Newport Beach Files Lawsuit Against FAA

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A plane taking off from John Wayne Airport over Newport Back Bay.  — NB Indy file photo ©
A plane taking off from John Wayne Airport over Newport Back Bay.
— NB Indy file photo ©

At an open house hosted by the Federal Aviation Administration at El Modena High School in Orange, few details were offered on how flight paths for planes departing John Wayne Airport will change as the agency implements a new satellite-based guidance system in the coming months.

The meeting was attended by more than 120 people and held about a week after Newport Beach filed a lawsuit in the U.S. Court of Appeals for the Ninth Circuit, claiming the FAA failed to adequately analyze the environmental impacts of implementing new departure, arrival and approach procedures at airports located within the Southern California Metroplex.

Laguna Beach and Culver City also filed suit against the FAA over the implementation of the Next Generation Air Transportation System (NextGen) in Greater Los Angeles.

Dottie Harmsen, a long-time resident of Ruby Avenue on Balboa Island, said the open house was educational but disappointing because the FAA did not provide a microphone so airport neighbors could voice their concerns and grievances.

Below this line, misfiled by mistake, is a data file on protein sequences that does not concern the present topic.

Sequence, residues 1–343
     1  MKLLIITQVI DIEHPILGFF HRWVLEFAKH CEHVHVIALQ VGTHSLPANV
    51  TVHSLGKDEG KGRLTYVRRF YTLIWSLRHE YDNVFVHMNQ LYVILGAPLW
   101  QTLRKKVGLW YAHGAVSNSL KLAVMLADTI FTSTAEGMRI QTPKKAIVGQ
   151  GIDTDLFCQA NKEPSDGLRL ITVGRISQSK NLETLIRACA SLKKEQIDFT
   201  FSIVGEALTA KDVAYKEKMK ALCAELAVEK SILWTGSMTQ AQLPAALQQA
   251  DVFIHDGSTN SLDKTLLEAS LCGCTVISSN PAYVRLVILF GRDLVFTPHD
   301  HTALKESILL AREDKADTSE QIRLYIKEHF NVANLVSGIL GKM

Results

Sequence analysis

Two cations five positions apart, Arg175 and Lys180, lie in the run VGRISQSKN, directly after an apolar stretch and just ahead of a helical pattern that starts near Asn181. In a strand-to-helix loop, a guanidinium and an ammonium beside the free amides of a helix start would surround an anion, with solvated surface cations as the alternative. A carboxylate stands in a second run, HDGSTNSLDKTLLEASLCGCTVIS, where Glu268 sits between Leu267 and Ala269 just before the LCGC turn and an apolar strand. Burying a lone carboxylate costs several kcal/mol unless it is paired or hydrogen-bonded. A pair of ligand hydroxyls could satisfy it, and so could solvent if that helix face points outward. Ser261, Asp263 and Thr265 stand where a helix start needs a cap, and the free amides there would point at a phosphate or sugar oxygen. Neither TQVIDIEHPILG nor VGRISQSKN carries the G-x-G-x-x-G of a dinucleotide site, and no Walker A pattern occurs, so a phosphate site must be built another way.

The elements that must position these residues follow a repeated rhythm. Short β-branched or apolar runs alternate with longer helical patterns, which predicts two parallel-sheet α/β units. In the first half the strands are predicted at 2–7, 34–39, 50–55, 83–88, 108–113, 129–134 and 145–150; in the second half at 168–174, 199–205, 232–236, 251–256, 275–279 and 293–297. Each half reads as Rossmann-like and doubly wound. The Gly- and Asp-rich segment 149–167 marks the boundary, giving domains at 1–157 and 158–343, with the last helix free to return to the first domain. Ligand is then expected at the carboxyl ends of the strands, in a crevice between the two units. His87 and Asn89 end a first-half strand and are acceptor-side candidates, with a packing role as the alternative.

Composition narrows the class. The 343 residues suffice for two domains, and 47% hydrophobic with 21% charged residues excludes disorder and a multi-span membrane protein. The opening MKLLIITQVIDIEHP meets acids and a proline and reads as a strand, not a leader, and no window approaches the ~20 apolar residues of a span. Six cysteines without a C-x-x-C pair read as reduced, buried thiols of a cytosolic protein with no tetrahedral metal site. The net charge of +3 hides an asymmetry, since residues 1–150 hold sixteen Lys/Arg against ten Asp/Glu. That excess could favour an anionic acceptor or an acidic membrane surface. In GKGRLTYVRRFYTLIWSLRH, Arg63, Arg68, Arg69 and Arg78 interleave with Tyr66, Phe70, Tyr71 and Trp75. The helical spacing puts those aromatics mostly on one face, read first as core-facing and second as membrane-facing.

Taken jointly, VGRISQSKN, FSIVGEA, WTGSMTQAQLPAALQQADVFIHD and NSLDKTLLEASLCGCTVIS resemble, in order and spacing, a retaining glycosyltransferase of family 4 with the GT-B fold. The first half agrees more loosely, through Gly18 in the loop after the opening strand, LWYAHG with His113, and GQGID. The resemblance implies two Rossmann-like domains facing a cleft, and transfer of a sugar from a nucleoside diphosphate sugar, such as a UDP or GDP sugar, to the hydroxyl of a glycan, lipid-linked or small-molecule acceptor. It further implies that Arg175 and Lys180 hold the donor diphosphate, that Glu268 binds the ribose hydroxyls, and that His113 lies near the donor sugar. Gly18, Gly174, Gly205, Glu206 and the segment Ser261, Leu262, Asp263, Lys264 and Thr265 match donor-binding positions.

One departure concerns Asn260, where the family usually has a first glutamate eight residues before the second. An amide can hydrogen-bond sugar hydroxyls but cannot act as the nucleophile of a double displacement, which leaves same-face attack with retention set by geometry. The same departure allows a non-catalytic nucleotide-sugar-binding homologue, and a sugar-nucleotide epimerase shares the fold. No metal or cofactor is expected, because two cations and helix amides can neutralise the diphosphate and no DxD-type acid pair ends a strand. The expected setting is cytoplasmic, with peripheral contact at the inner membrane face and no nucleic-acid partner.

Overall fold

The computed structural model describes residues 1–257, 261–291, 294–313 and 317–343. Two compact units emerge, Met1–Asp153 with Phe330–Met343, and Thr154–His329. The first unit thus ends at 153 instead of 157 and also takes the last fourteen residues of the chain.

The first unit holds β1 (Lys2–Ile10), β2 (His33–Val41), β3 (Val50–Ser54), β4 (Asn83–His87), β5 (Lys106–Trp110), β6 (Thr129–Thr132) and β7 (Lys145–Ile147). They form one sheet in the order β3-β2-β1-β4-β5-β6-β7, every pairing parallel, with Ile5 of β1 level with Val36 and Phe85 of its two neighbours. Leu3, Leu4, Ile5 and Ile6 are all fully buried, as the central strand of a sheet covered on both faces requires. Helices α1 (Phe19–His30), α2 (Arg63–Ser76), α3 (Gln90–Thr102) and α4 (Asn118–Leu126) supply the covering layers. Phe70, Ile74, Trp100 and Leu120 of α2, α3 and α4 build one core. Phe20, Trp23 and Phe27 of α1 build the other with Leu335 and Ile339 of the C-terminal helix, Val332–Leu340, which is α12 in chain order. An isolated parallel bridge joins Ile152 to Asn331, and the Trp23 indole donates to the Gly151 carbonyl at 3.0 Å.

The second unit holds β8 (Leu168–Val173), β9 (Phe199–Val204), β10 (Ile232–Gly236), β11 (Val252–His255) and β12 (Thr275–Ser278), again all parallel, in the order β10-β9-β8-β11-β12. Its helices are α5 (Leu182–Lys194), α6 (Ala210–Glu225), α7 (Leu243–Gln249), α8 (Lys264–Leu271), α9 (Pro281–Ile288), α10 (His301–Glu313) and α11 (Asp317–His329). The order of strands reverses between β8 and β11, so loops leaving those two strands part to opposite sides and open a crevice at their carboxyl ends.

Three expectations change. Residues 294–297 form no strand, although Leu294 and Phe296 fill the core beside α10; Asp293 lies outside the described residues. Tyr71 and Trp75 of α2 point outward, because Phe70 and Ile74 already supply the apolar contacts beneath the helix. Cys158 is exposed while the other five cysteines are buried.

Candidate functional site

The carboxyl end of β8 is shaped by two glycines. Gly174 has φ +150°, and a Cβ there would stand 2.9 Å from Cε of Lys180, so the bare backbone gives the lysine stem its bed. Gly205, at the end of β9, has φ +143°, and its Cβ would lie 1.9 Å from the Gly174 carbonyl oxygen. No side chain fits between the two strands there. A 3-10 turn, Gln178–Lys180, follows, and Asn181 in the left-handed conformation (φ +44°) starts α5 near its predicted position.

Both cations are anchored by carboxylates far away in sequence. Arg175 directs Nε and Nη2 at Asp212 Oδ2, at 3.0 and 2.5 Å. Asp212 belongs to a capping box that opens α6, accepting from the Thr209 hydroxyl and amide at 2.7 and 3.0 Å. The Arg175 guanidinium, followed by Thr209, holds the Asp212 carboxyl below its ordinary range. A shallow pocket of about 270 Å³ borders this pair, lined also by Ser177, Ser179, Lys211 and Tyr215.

“What [the departing flight path] should be is how it used to be,” Harmsen said. “I think there is 100 plus planes that go over our patio. Instead of fanning out they go down Ruby Avenue or Coral Avenue.”

The FAA is implementing NextGen, a plan to modernize the National Airspace System through 2025. Federal officials claim the project will have no significant impacts on Southern California residents and that they followed the requirements of the National Environmental Policy Act when measuring potential noise, pollution, and other effects of air traffic.

FAA Spokesman Ian Gregor said the agency does not comment on pending litigation.

“We stand by the environmental analysis,” Gregor said.

The FAA modeled noise at 330,000 locations throughout the project area. The results showed that some areas will experience slight noise increases, some areas will experience slight noise decreases, and some areas will experience no changes, Gregor said.

Newport Beach argues that the FAA predetermined the outcome of the NEPA analysis.

“That FAA made its decision regarding the project without considering concerns raised in [Newport Beach’s] comment letter further demonstrates the agency’s predetermination of the outcome of the NEPA analysis,” Whitman Manley of Remy Moose Manley, LLP, wrote in the city’s petition for review.

Tony Petros, Newport Beach city councilman and chair of the Newport Beach’s Aviation Committee, said it’s unfortunate the city had to resort to litigation.

“But the city submitted a 26-page letter to the FAA’s environment assessment and the FAA ignored it,” he said. “They said they misplaced it and they didn’t respond to any one of the 26 pages.”

A transportation planner for the environmental consulting firm LSA, Petros said it’s his understanding that federal agencies are required to respond to people’s comments under NEPA.

“We’re relying on words from staff at the FAA, ‘trust us,’” Petros said. “I believe that the FAA has every good intention but I don’t think I can trust something that is so vague.”

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